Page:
A book on the theory and practice of lighting historic buildings is long overdue. Architect and lighting consultant Derek Phillips gives us a history of lighting and demonstrates, through case studies of building types and uses, how designers should approach it in the context of current technology, 'retaining the original integrity [of old buildings] without compromising future needs'. This is to be welcomed. With millennium floodlighting schemes on drawing boards across the land, and preparations in hand for an international conference on historic buildings and lighting in Williamsburg, Virginia, next year, the subject's time has come.
Phillips leads us through the principles of natural lighting and fenestration design; gives an excellent potted introduction to the historical development of luminaires; highlights the aesthetic and utilitarian conflicts created when confronting new uses for old buildings; and shows good practice when establishing lighting schemes from cottage interiors to the external illumination of castles, palaces and cathedrals.
It is notoriously difficult to illustrate books on natural and artificial lighting successfully; pictures never quite satisfy when attempting to represent this most illusive of architectural qualities with accuracy. So, despite over 360 figures and photographs, a third of them in colour, the overall presentation of ideas and completed designs is often disappointing. The publisher should have spent more on professional photography.
'Conservation is not a subject that can be ignored,' says Phillips, as damage to historic materials (decorative surfaces, furnishings, fabrics, etc) can be caused by excessive natural and artificial lighting. But he offers fewer than three pages on this complicated subject, so readers will need other primers (such as Gary Thompson's The Museum Environment). I should also have liked to see advice on when not to floodlight buildings; guidance on retaining visual acuity in historic house museums without raising levels of conservation lighting; and a chapter on ameliorating the architectural impact of electrical plant on historic fabric. Altogether, the book is a good introduction - but Butterworth Heinemann should start a series on the subject.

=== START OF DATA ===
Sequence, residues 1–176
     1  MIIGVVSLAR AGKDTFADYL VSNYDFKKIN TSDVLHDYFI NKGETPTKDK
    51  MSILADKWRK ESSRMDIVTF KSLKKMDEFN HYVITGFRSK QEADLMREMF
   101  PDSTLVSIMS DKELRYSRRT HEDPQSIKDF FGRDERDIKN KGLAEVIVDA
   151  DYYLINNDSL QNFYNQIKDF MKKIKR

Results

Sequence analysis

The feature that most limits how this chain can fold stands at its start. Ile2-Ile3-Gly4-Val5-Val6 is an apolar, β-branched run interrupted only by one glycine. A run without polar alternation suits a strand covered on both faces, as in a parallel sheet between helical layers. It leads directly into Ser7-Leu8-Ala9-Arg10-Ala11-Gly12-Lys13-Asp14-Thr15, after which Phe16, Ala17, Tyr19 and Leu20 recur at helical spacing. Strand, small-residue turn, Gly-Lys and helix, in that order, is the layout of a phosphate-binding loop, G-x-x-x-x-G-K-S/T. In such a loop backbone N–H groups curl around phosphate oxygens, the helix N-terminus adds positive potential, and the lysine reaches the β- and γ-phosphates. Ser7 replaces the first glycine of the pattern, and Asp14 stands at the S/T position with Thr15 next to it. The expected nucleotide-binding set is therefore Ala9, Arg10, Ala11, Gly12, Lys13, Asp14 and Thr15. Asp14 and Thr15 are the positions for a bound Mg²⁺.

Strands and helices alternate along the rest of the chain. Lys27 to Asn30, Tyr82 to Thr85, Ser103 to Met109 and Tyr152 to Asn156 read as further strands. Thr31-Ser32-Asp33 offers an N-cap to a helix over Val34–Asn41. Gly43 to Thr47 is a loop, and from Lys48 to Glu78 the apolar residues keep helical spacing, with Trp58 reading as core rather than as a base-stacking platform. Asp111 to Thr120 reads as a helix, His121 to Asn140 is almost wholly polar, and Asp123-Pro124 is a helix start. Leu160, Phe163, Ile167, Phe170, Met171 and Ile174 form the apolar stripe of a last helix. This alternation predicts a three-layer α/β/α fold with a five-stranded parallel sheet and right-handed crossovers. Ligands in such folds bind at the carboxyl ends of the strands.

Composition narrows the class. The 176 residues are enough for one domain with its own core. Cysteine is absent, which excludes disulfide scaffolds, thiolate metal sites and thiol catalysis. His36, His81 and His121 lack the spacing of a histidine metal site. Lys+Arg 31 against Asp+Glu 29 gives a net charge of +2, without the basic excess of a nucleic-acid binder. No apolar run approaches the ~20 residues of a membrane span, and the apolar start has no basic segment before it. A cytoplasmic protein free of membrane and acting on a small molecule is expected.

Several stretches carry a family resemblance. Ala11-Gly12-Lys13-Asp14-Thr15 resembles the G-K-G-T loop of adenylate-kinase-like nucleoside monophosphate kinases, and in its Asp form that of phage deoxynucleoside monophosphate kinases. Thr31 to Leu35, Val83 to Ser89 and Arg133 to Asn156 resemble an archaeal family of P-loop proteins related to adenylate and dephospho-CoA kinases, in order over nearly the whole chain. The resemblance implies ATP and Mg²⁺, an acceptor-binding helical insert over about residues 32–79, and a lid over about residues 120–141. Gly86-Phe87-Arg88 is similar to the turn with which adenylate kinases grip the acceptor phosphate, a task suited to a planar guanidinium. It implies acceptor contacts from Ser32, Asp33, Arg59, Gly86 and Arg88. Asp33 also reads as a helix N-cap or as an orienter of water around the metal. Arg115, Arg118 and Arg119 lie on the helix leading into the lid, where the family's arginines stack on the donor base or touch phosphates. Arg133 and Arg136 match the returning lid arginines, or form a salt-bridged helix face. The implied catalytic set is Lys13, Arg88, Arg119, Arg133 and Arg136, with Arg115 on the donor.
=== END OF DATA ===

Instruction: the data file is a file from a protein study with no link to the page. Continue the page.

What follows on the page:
Imagine the Edinburgh New Town conservation guide, The Care and Conservation of Georgian Houses, and you have the format for Historic Building Facades. The Landmarks Conservancy, like the New Town Conservation Committee, is a non-profit organisation, set up to give grants and loans for the preservation of historic buildings across New York State, and this book forms part of its technical assistance programme. But, charged with the conservation of buildings somewhat younger and taller (10 to 50-odd storeys high), and a climate range (from -10degreesC, 30 per cent rh to 30degreesC, 95 per cent rh) that makes the Scottish capital seem postitvely temperate, there the similarities end.
The publication was devised to counter unsympathetic responses to historically important late nineteenth- and early twentieth-century skyscrapers being threatened by new 'dangerous structures' powers that relied more on demolition than repair, maintenance and conservation. Contributions to the work include advice on the historical development of tall masonry and curtain-walled facades; on inspection and assessment techniques; and on methods of repair for stone, brick, terracotta, cast stone, concrete, cast iron, pressed metal and wood.
Aimed at architects, maintenance surveyors, city engineers and contractors, the book runs through symptoms and causes of deterioration emanating from poor or inadequate maintenance. But this is a tall order to encompass in just over 200 pages, especially as many of the 78 photographs and drawings are of rather poor quality.
The result is rather a mixed bag, with editing that fails to decide whether to pitch the manual at lay building owners, the general practitioner, or the specialist. Readers will be fascinated by construction details, fault systems and repair techniques that are not common in the uk. Some of the writers obviously know their subjects well. But others repeat principles established with more clarity elsewhere, without offering the detailed practical guidance actually needed for the circumstances. Where, for example, are the model mortar recipes for such aggressive site conditions?
John Fidler is head of architectural conservation at English Heritage